In just about the center of the photo below, you can see a young worker bee almost fully emerged from her cell.  At the top center, you can see a worker bee has just chewed through the beeswax on her cell and will soon be joining her emerging sister.  Shortly after a worker bee emerges, she gets right to work.  Her first task usually is cleaning out her cell! 

Can you find the emerging bee in middle of cell?  Click on the photo to enlarge
As the worker bee ages, she progresses through a series of responsibilities that support the colony's life.  She begins by feeding and tending the brood (the eggs and larva) that will become the next generation workforce. After a few days, she'll graduate to taking nectar from foraging workers and evaporating it into honey.  If needed, she'll secrete beeswax and begin to build honeycomb.  As she ages, she'll progress to becoming an undertaker, removing any dead or ill bees from the hive.  After about three weeks of her six-week lifespan, she'll advance to becoming a guard bee, charged with keeping out any interlopers that threaten the colony (like wasps, skunks or humans!).  In the last two weeks of her short life, she's promoted to forager, and tirelessly brings back nectar, pollen and water for her colony. In fact, many worker bees literally die of exhaustion in their effort to help their colonies thrive. The National Honey Board claims that one worker bee produces about 1/12th a teaspoon of honey in her lifetime, which gives you as sense of just how valuable honey is!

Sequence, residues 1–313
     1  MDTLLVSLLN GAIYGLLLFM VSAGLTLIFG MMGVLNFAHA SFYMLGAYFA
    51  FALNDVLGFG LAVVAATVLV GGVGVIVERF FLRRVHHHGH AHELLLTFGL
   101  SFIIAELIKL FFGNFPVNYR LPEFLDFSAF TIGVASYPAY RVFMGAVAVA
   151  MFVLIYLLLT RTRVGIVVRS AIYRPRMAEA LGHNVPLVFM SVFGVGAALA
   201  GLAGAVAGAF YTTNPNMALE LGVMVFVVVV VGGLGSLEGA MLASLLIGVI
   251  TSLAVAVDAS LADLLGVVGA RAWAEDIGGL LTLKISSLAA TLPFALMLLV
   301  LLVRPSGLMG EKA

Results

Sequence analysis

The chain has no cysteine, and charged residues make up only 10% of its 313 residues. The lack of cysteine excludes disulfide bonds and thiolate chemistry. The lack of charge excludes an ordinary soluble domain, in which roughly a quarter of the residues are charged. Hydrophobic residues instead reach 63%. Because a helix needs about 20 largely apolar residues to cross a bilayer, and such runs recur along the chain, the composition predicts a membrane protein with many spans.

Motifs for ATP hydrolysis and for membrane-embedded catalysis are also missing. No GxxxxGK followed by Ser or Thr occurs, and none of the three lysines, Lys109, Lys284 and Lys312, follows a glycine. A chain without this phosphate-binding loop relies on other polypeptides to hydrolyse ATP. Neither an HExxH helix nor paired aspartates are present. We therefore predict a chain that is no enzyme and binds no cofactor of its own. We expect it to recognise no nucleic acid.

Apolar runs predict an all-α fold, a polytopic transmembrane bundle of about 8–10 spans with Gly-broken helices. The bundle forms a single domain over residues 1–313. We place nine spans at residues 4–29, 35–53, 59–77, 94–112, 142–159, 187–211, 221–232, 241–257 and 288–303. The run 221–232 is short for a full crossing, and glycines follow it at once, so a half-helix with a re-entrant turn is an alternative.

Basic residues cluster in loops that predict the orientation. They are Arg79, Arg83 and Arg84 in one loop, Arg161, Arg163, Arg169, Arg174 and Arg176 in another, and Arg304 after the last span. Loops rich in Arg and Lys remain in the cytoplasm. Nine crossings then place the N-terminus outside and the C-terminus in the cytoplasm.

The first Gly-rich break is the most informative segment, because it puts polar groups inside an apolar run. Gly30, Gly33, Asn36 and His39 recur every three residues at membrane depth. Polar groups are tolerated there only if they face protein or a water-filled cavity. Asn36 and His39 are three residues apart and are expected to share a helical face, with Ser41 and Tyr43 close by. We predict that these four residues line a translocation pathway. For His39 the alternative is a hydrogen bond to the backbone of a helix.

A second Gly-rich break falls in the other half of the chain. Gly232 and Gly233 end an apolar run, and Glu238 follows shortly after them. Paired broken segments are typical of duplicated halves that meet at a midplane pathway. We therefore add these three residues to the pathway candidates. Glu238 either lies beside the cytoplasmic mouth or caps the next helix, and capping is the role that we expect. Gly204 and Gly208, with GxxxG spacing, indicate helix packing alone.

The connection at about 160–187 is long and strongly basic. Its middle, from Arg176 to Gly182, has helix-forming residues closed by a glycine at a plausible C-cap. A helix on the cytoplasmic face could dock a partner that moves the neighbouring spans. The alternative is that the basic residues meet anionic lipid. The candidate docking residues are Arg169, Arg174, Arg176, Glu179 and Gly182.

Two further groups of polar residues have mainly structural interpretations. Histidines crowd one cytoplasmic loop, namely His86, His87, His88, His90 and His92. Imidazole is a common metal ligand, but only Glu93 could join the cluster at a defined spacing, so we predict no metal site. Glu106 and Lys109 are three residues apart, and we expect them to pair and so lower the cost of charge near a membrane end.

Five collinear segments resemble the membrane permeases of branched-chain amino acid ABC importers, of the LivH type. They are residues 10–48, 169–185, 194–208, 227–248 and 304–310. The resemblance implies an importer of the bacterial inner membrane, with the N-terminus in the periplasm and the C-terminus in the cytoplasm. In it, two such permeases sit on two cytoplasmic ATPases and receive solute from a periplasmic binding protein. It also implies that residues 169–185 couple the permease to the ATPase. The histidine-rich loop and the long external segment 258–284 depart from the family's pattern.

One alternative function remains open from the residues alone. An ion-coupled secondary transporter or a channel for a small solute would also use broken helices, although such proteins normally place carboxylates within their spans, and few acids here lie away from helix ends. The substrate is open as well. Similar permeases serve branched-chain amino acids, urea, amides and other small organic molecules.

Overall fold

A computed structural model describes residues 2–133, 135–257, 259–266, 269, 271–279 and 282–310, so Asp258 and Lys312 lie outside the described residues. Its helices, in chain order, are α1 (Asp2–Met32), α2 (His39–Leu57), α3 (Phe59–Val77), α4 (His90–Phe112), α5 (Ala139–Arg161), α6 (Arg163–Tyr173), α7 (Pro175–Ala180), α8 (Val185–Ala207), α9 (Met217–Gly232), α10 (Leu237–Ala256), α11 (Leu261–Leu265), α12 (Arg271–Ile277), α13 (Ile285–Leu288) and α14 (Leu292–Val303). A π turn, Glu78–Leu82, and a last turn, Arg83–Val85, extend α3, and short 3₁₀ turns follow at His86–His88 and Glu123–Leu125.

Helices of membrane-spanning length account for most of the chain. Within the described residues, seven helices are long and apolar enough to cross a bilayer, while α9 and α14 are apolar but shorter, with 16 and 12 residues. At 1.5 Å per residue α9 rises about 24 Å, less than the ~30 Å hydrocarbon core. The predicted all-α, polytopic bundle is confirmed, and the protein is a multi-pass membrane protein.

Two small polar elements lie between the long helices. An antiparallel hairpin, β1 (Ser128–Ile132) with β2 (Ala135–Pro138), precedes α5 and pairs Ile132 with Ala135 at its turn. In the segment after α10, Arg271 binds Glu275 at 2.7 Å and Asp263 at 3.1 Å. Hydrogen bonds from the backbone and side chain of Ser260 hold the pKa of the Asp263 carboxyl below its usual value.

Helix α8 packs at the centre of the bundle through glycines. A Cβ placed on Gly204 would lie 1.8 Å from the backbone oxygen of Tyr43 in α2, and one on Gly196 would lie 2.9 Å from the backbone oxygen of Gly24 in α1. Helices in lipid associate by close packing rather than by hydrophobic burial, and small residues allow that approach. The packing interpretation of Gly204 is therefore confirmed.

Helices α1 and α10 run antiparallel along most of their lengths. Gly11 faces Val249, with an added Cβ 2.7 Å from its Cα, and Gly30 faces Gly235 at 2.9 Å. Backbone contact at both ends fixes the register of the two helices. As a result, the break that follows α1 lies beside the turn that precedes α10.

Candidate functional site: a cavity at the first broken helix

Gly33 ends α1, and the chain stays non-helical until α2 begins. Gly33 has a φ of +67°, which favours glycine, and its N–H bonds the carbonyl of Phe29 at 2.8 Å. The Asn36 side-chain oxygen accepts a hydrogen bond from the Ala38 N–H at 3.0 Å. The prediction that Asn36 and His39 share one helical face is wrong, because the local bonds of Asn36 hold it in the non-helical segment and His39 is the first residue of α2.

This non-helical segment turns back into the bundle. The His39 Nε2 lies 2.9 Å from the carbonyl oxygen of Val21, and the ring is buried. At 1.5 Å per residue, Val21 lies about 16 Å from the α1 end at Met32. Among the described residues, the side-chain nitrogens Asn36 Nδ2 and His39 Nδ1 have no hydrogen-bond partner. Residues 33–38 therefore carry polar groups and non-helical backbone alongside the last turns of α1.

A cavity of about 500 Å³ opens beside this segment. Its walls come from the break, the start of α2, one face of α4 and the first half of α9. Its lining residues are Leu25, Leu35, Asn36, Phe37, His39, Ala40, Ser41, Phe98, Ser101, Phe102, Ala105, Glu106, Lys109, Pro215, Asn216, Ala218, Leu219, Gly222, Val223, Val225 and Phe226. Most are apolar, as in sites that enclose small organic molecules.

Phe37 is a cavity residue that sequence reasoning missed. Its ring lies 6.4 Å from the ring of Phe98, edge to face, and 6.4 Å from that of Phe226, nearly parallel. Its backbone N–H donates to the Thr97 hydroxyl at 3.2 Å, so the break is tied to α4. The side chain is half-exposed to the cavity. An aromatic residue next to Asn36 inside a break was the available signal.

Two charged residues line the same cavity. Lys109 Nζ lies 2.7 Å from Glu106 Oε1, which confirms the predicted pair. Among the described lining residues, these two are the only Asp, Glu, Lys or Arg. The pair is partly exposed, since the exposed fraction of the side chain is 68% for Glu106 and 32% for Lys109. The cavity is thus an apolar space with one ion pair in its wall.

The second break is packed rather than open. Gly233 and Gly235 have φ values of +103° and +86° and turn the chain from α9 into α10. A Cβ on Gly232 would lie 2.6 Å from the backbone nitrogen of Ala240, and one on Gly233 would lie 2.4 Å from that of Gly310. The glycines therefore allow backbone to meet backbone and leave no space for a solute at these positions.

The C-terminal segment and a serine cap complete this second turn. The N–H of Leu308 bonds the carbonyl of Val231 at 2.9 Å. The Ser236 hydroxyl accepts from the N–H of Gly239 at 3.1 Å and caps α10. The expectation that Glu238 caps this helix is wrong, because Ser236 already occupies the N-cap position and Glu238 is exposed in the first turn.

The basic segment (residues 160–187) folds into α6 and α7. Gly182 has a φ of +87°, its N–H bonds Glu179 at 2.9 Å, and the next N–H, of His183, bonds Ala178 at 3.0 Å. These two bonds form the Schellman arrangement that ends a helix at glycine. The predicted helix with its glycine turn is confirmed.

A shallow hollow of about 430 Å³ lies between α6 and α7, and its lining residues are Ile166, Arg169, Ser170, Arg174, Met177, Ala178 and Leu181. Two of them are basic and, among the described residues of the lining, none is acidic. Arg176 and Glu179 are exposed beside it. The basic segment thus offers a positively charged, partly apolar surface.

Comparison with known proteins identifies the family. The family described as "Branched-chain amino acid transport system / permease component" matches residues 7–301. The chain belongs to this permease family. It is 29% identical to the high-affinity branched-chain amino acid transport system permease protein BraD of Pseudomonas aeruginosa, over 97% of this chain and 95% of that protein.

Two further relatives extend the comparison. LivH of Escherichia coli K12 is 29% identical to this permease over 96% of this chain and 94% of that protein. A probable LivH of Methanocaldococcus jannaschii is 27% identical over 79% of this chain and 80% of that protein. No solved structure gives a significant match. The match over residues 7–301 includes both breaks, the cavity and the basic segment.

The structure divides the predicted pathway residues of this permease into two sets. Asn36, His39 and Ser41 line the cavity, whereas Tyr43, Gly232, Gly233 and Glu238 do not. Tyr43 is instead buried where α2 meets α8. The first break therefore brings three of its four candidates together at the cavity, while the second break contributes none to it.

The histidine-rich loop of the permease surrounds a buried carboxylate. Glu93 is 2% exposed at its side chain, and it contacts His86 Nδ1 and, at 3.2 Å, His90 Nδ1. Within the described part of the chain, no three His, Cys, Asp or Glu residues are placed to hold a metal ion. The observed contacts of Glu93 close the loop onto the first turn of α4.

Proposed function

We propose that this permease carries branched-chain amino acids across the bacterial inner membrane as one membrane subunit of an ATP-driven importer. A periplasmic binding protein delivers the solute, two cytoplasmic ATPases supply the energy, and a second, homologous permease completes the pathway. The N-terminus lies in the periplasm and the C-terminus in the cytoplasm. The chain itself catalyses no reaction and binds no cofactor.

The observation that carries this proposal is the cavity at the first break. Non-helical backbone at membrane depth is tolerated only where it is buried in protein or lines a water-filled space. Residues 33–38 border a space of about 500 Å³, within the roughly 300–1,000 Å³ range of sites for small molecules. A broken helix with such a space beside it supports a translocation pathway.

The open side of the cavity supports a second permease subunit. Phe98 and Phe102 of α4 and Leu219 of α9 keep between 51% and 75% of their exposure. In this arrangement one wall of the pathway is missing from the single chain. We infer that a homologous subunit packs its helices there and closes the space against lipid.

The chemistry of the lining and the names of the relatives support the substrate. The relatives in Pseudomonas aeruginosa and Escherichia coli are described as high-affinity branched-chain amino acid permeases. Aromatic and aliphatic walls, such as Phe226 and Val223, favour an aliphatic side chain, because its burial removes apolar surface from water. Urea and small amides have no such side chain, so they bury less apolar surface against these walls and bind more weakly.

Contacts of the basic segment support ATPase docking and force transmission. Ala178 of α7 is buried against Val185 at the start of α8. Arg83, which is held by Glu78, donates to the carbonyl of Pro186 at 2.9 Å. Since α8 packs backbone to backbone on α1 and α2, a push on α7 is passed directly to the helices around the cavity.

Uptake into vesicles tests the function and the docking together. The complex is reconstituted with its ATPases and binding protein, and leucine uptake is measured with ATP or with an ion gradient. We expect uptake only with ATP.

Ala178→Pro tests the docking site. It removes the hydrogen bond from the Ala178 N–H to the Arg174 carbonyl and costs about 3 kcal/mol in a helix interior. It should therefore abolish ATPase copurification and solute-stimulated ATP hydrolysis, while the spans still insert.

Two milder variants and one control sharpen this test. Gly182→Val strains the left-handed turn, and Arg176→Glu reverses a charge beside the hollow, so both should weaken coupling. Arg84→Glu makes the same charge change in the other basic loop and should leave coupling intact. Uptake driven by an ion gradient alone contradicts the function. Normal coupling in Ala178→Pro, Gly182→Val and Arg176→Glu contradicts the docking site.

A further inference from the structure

Local Goodness: Local Gem! (with link to Peaches & Honey Pizza)